Susan White is employed as a Senior District Attorney Investigator with the Los Angeles County District Attorney’s Office (DA). Her job includes personally serving arrest warrants, making arrests, interrogating suspects, and booking prisoners, and requires police officer certification.
Beginning in late 2009, around the time of the death of her brother-in-law, White began experiencing emotional difficulties. She was observed acting erratically in the workplace, with very high emotional highs and very low lows. White began making unsafe tactical decisions, and told her supervisor that she was having problems regulating her medications. She was observed crying, anxious, and having dramatic mood swings.
On June 16, 2010, tactical training was conducted. During the training White “did not make good tactical decisions, rushed movement, and appeared nervous.” At one point, she tripped over a fellow investigator who was moving forward, and she was “continuously pointing her fake weapon at other team members.” In a follow-up conversation with a supervisor, White described herself as “a whack job,” and related that she had recently lost her composure on the witness stand.
Eventually, White took FMLA leave to undergo treatment for her psychological difficulties. When her doctor eventually released her to full duty, the County placed her on paid administrative leave and reassigned to her home. When the County insisted that she participate in a fitness-for-duty evaluation prior to a full return to work, White filed a lawsuit under the FMLA.
The California Court of Appeals began its lengthy opinion in White’s case by essentially holding that White was relying on the wrong federal statute. The Court held that under the FMLA, once an employee returning from FMLA presents medical certification that she is fit for duty, the employer has no right to seek a second opinion. Rather, the Court found, the employer must accept the employee’s certification and return the employee to paid status (as did the County with White).
The Court concluded that it was the Americans With Disabilities Act, not the FMLA, that really controlled White’s case: “It is clear that the Department of Labor intended to clarify that a bright line exists at the employee’s return to work. Before the return to work, the employer must accept the employee’s physician’s certification and return the employee to employment; after the return to employment, the FMLA protections no longer apply, and the employer may require a fitness-for-duty evaluation consistent with the ADA.”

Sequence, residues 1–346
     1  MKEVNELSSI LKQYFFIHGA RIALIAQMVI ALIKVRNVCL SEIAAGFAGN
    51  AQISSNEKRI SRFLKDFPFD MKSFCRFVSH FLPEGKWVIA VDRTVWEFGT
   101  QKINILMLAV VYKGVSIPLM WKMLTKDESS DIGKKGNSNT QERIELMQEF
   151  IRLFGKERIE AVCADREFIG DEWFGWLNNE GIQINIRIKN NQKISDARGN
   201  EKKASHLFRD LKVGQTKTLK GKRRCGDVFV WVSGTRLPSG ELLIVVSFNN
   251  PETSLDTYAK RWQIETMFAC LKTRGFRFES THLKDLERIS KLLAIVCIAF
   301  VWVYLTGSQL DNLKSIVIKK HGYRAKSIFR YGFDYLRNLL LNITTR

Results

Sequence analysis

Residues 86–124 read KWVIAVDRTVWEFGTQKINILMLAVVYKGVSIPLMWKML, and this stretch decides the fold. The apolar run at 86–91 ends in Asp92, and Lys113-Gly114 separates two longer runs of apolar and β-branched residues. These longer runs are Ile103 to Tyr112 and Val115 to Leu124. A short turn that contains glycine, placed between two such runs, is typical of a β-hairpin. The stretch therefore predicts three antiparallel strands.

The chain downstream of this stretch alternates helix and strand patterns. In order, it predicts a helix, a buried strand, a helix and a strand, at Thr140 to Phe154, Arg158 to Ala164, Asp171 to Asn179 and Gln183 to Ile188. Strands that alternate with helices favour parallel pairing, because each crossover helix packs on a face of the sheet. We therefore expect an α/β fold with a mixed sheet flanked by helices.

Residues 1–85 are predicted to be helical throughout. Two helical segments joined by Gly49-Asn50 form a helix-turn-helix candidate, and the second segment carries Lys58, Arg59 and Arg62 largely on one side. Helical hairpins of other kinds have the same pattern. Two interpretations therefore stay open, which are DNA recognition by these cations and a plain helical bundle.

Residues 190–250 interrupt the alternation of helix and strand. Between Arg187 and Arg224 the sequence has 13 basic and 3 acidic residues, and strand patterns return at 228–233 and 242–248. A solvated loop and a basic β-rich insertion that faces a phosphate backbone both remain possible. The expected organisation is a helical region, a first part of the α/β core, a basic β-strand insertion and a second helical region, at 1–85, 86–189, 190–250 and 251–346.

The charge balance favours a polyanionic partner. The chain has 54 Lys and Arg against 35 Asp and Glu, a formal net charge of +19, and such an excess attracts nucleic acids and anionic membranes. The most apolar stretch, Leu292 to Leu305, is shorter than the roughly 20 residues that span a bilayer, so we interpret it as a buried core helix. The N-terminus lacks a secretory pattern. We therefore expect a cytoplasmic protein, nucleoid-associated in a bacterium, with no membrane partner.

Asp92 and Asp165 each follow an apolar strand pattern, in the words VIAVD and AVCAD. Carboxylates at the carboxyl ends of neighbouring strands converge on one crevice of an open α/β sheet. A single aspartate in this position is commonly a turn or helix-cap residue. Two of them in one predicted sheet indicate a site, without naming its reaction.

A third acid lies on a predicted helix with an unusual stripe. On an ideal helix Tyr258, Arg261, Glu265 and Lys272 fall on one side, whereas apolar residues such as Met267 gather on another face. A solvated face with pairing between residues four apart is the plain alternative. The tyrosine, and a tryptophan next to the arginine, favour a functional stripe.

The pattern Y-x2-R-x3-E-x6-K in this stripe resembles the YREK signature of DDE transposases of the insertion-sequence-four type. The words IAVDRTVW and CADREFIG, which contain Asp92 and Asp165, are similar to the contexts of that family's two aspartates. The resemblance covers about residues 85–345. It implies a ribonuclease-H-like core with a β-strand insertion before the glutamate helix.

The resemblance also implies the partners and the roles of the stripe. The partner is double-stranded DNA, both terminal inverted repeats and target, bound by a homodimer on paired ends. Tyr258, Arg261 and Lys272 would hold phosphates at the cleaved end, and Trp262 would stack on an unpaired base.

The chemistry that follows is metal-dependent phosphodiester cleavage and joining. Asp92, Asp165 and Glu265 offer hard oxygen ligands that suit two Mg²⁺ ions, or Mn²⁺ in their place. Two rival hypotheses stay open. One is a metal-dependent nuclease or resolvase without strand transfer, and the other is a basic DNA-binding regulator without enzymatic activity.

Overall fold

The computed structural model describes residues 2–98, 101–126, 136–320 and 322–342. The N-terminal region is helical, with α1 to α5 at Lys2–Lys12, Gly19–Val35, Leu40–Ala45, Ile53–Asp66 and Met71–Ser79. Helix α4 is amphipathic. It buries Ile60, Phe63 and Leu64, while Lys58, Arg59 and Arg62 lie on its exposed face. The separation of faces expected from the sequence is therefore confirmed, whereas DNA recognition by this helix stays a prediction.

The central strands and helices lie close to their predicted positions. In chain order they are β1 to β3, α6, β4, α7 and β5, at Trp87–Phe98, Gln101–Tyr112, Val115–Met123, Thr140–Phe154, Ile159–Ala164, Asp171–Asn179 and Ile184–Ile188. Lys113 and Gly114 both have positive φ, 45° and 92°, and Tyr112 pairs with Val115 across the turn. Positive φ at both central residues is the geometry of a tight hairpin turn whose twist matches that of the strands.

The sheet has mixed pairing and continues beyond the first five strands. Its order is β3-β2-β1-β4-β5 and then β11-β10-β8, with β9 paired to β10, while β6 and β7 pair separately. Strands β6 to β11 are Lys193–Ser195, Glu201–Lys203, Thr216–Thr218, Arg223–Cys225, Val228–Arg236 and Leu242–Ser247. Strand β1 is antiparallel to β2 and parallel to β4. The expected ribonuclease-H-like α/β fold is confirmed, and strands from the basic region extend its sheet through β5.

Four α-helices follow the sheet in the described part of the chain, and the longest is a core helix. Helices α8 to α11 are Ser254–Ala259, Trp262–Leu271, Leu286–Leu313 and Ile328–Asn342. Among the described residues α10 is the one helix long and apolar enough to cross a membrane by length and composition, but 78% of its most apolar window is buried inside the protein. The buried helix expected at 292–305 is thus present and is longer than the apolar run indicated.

White argued that “a single health care provider’s opinion (i.e., that of the employee’s health care provider) that an employee can return to work from a particular illness or disability is conclusive, and cannot subsequently be questioned by the employer in a fitness-for-duty evaluation.” The Court soundly rejected that theory, commenting that “public policy rebels at such a thought. The FMLA itself acknowledges that medical professionals can disagree on whether an employee’s serious health condition renders the employee unable to work; it provides for a second opinion on whether an employee qualifies for FMLA leave and a third opinion if the first and second opinions are not in agreement. As such, it is unlikely that Congress intended an employee’s health care provider’s opinion to be conclusive on the employee’s fitness for work. Instead, the FMLA should be interpreted to render the employee’s health care provider’s opinion conclusive on the issue of whether the employee should be immediately returned to work, but to permit the employer to thereafter require a fitness-for-duty evaluation, if it has a basis to question the employee’s health care provider’s opinion.”
The standard under the ADA, the Court found, should be whether the fitness-for-duty evaluation is job-related and consistent with business necessity. The Court noted that “it is appropriate, and not in violation of the ADA, for a peace officer with mental health issues to be ordered to a fitness-for-duty evaluation. It is unnecessary for the employer to establish that the employee’s job performance has actually suffered in order to require an evaluation, when the employee in question is a peace officer who carries a weapon.”
In White’s case, the Court held that the County properly relied on White’s pre-FMLA-leave behavior to require a fitness-for-duty evaluation: “White’s doctor certified her to return to duty; under the FMLA, White was entitled to be restored to employment, no more. White was restored to employment, as required. The County then sought an evaluation, as it questioned White’s fitness for duty in light of her severe depression, and instances in which that depression, and her prior inability to manage it: (1) caused White to put her own safety in danger; (2) called into question White’s ability to react properly in tactical situations; and (3) caused her to give unprofessional, and possibly false, testimony in a criminal case. The order that White appear for an evaluation did not violate the FMLA.”
White v. County of Los Angeles, 170 Cal.Rptr.3d 472 (Cal. App. 2014).
The above article has appeared in a previous issue of Public Safety Labor News and has been reprinted courtesy of Labor Relations Information System. These articles are for informational purposes only.